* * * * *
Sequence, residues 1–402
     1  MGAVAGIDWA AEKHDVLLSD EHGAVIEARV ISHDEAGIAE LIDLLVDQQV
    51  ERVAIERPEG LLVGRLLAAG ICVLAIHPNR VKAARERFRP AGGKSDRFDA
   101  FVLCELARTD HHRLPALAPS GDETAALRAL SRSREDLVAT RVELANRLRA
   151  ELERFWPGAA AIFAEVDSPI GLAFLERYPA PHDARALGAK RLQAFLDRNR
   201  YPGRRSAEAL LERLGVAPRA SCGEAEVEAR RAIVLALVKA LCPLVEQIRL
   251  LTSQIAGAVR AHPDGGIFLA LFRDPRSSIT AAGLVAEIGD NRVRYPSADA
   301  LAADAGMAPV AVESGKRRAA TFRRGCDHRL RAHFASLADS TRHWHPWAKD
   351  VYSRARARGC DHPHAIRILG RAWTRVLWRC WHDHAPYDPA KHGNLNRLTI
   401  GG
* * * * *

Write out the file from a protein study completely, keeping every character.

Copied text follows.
Sequence, residues 1–402
     1  MGAVAGIDWA AEKHDVLLSD EHGAVIEARV ISHDEAGIAE LIDLLVDQQV
    51  ERVAIERPEG LLVGRLLAAG ICVLAIHPNR VKAARERFRP AGGKSDRFDA
   101  FVLCELARTD HHRLPALAPS GDETAALRAL SRSREDLVAT RVELANRLRA
   151  ELERFWPGAA AIFAEVDSPI GLAFLERYPA PHDARALGAK RLQAFLDRNR
   201  YPGRRSAEAL LERLGVAPRA SCGEAEVEAR RAIVLALVKA LCPLVEQIRL
   251  LTSQIAGAVR AHPDGGIFLA LFRDPRSSIT AAGLVAEIGD NRVRYPSADA
   301  LAADAGMAPV AVESGKRRAA TFRRGCDHRL RAHFASLADS TRHWHPWAKD
   351  VYSRARARGC DHPHAIRILG RAWTRVLWRC WHDHAPYDPA KHGNLNRLTI
   401  GG